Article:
Following changes to railroad safety regulations in April, the Canadian government released back-to-back announcements of changes governing oil tankers (on May 13) and pipelines (on May 14). Regarding spills from oil tankers, the new regulations will increase company liability from the current $161 million per incident to $400 million per spill, and will also impose a levy on companies, with a total of $1.6 billion available to clean up an oil spill and provide compensation. (The government’s own expert panel had recommended that corporate liability be unlimited in its report, delivered December 2013.) See the government press release at: http://news.gc.ca/web/article-en.do?nid=847519 or the CBC report at: http://www.cbc.ca/news/politics/new-tanker-spill-rules-raise-liability-for-companies-1.2641217.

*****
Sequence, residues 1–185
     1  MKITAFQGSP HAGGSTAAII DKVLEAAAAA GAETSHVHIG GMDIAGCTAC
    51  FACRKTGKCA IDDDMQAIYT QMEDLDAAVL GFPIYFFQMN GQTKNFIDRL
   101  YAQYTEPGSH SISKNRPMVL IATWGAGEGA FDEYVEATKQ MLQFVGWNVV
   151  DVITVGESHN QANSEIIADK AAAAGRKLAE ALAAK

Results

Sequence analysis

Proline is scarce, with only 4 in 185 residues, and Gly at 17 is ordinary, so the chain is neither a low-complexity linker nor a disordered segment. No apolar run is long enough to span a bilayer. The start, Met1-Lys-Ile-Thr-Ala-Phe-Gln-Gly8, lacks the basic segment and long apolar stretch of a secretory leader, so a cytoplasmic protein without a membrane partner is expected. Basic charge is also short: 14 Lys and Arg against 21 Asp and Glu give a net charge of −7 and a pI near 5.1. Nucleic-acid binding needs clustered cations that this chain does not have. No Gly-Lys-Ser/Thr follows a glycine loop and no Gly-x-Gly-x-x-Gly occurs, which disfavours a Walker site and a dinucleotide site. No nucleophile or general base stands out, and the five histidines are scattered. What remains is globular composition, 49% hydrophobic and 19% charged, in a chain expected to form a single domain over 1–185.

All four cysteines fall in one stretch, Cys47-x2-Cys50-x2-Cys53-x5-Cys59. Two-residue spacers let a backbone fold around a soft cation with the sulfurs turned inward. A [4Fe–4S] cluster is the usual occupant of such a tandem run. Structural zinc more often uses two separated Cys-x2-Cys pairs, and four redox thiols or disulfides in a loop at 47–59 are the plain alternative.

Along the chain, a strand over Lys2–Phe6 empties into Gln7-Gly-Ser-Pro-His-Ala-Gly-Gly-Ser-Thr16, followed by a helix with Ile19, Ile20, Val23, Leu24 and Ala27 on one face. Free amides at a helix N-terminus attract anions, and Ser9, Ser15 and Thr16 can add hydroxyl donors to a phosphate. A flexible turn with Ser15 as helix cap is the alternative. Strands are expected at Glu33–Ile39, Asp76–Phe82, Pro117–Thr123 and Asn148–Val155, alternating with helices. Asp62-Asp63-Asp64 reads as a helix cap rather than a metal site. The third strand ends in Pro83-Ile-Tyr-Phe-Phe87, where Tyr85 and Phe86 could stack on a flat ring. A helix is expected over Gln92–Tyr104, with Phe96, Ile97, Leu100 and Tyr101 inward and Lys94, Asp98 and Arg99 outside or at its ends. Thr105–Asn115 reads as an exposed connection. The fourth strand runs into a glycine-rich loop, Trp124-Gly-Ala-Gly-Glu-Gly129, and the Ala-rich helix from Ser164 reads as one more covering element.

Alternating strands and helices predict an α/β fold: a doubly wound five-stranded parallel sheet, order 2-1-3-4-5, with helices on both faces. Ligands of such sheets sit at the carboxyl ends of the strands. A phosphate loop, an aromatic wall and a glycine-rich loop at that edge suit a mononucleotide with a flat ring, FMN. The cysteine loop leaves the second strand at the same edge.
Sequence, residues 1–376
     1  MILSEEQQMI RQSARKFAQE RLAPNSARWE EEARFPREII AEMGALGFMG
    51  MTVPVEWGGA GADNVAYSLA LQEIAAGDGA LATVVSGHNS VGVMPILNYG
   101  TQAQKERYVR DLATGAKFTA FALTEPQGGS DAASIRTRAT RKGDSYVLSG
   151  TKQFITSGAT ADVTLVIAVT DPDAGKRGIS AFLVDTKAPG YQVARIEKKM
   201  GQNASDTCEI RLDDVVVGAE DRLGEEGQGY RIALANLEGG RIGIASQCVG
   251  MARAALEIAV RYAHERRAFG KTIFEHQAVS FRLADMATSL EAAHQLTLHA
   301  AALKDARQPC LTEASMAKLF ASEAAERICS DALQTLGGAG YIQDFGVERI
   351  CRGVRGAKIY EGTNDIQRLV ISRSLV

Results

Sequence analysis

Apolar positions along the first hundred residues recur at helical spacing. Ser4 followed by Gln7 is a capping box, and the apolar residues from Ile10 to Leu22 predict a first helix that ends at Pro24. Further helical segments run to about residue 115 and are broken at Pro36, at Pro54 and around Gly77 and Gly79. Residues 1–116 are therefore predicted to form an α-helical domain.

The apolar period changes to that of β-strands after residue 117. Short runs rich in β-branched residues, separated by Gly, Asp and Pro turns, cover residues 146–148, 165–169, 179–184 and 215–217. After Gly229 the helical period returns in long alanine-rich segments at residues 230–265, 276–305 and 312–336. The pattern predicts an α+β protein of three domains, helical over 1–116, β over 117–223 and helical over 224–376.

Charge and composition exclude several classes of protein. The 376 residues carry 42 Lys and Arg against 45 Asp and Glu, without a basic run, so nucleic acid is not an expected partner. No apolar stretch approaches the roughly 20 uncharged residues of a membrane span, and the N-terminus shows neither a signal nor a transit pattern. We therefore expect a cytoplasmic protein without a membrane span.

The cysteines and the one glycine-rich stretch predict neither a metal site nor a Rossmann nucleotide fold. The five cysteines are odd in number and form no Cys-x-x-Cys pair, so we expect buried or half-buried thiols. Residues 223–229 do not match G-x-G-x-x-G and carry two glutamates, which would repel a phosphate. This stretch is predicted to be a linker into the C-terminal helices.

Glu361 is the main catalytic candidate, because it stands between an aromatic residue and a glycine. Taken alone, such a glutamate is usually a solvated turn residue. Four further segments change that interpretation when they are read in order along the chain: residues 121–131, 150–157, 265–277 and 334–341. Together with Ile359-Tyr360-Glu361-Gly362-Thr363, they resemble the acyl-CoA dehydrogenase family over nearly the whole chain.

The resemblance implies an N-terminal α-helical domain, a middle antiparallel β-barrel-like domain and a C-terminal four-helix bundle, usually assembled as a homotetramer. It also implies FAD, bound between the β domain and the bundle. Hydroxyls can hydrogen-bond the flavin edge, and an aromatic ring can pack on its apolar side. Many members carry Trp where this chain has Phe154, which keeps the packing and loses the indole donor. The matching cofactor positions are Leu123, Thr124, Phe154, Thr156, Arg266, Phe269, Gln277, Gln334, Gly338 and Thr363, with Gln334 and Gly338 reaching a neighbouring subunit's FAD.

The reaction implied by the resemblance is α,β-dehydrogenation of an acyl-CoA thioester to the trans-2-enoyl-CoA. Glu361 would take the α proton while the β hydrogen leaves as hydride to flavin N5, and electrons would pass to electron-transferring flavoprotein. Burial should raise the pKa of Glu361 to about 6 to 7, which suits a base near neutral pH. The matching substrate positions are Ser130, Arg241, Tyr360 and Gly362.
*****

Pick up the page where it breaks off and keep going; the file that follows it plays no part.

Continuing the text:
The changes to pipeline safety announced on May 14 include the introduction of “absolute liability” for all National Energy Board (NEB)-regulated pipelines, making companies liable for costs and damages irrespective of fault, up to the limit of $1 billion for major oil pipelines; companies continue to have unlimited liability when at fault or negligent. The powers of the National Energy Board are expanded to give the NEB authority to order reimbursement of any cleanup costs incurred by governments, communities or individuals, and to take control of any clean-up operations if the company is unable or unwilling to do so. The regulations also call for developing a strategy with industry and First Nations communities to increase First Nations’ participation in pipeline safety operations. See the government press release and backgrounder at: http://news.gc.ca/web/article-en.do?nid=848059.